Author: Girish Linganna, Aerospace & Defence Analyst
Keywords: Lithium-ion, batteries, HAL – HTT-40, Aluminium Alloys.
Charting the rise of consumer electronics, lithium has fast established itself as the go-to material for batteries. Lithium-ion batteries have edged out nickel-cadmium batteries due to their higher energy density, low self-discharge and no memory effect. Hindustan Aeronautics Limited (HAL) became the first manufacturer to incorporate lithium-ion batteries into a military aircraft in Asia. HAL’s Hindustan Turbo Trainer 40 (HTT-40) has already passed various tests, including dozens of safety checks, and HAL has already produced spares. Is this the onset of the lithium revolution in aerospace?
Fuelless Fire and Aluminium Alloys: Lithium’s Potential in Aerospace and Defence
Lithium-ion batteries have been a feature in defence for over a decade, from tactical radios, thermal imagers, ECM, ESM, and portable computing to military vehicles, boats, shelter applications, aircraft, and missiles. With thrice the energy density and a ten-year lifespan, military adoption has moved from early adoption to a mature growth phase. Even in 2004, a NATO dismounted soldier consumed approximately 500 Wh during a 3-day mission. Today, it is likely to double that consumption.
Along with the increase in gadgetry, the prevalent form of warfare has shifted towards urban engagement, wherein adversaries rely on civilian populations to fight back. In such settings, situational awareness is gained in disguise. Reliance on batteries has therefore increased, and a lithium-ion battery allows this silent watch to carry on for three times longer compared to a lead-acid battery used in most military vehicles. In aviation, lithium-ion batteries serve as propulsive energy carriers for electric and hybrid aeroplanes. Increasingly, the aerospace industry is trying to move towards a cleaner flight, which requires higher energy density and capacity.
Amidst the great revolution of lithium-ion batteries, it would be unjust to conflate the potential of lithium with that of lithium-ion batteries. Aluminium-lithium alloys have been a staple of aviation for more than half a century. Lithium, being the lightest metallic element, reduces the alloy’s density and weight. Aluminium-lithium alloys also often include copper and zirconium. Every one per cent by weight of lithium added reduces the density by three per cent. In contrast to composite materials, aluminium-lithium alloys require less capital investment for the aircraft manufacturer. The cost easily offsets the more significant performance increment.
Aluminium-lithium alloys also offer incredibly high fatigue crack growth resistance, making them ideal for damage-tolerant structures like lower-wing surfaces. Even leading and trailing edges, access covers, seat tracks, and wing skins are made from aluminium-lithium alloys. For military aircraft, the main wing box, centre fuselage, and control surfaces benefit from these alloys. Aluminium-lithium alloys are fast substituting conventional aluminium alloys in helicopters, rockets, and satellite systems.
The MiG 29’s fuselage, fuel tanks, and cockpits employed alloy 1420. This alloy also formed the fuselage of various Soviet aircraft, including the Su-27, Tu-156, and Yak-38. Other alloys of aluminium and lithium have been relied on, notably in the Airbus A330 and A340 for leading edges and the C-17 Globemaster for its payload adapter. The third-generation aluminium-lithium alloys feature in the bulkheads of the F-16, the second stage of the Falcon 9 rocket, the Boeing 787 and the Airbus A380’s extruded crossbeams, stringers, longitudinal beams, and seat rails.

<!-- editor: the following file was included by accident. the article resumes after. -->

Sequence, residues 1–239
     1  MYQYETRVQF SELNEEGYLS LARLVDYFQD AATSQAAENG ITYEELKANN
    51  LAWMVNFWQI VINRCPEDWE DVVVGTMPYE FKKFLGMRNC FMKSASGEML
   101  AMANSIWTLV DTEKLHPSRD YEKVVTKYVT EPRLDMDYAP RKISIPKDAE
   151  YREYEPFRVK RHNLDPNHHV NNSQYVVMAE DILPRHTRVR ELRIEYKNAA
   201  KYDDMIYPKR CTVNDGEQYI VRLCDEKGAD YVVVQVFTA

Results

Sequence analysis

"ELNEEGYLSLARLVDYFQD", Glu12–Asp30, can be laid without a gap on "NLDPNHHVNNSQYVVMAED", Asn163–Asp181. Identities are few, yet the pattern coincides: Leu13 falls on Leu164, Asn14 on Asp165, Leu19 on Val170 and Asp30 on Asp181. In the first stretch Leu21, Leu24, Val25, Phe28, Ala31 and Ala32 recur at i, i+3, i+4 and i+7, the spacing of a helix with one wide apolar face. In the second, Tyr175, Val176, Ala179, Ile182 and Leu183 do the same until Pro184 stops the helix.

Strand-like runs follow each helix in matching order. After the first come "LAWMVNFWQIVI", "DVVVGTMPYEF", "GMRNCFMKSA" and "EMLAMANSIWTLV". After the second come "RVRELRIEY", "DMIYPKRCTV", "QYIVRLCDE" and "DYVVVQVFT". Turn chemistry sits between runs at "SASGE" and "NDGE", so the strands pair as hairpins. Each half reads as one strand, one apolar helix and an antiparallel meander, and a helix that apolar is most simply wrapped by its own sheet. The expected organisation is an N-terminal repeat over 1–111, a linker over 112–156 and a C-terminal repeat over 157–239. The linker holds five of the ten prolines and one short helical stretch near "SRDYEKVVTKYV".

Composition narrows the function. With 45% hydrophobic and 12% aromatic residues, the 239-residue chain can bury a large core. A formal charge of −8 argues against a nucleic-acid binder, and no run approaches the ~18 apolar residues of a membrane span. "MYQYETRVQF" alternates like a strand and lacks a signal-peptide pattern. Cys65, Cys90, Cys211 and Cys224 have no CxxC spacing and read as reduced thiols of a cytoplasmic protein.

Lithium, one of the three elements created in the Big Bang, is not as abundant as hydrogen and helium. It makes up a measly 0.002 per cent of the Earth’s crust. It is still higher than tin, silver, gold, and platinum concentrations.
With a newfound role for lithium in renewable energy, the demand is bound to increase compound by 25 per cent. To match, the production will have to go from about 0.54 million metric tonnes to 2.7 million metric tonnes, with greenfield and brownfield expansions to account for a further 0.6 million metric tons.
The four countries with the largest lithium deposits are Chile (8 million tonnes), Australia (2.7 million tonnes), Argentina (2 million tonnes), and China (1 million tonnes). However, Australia has been the largest supplier globally, ahead of Chile, China, and Argentina. Australian lithium is mined from ores, while South American lithium is sourced from brine pools and brine deposits in the Salars (salt deserts). In Salars, the saltwater that contains lithium is sourced from underground lakes, and then evaporated. Further refining of the saline solution produces commercially viable lithium. Such intensive and water-guzzling extraction of lithium has upset the local communities. There have been reports of droughts threatening livestock and vegetation alike.
India’s Directorate of Atomic Minerals recently surveyed a slight stretch of land in the Mandya district in southern Karnataka. Researchers have estimated that there are about 14,000 tonnes of lithium reserves in the region. This exploration is part of a nationwide push for lithium mining. Following the South American Salars, work is underway to extract lithium from the salty flatlands of Rajasthan and Gujarat and the mica belts of Odisha and Chhattisgarh. The Nagamangala Schist Belt is another good site for lithium and other rare metals. India has also floated Khanij Bidesh India Limited (KABIL), which has signed an agreement with an Argentine firm.
Lithium shall power the next generation in more than one way. For aerospace, lithium has the potential to unlock unprecedented possibilities, from alloys to electric and hybrid components.
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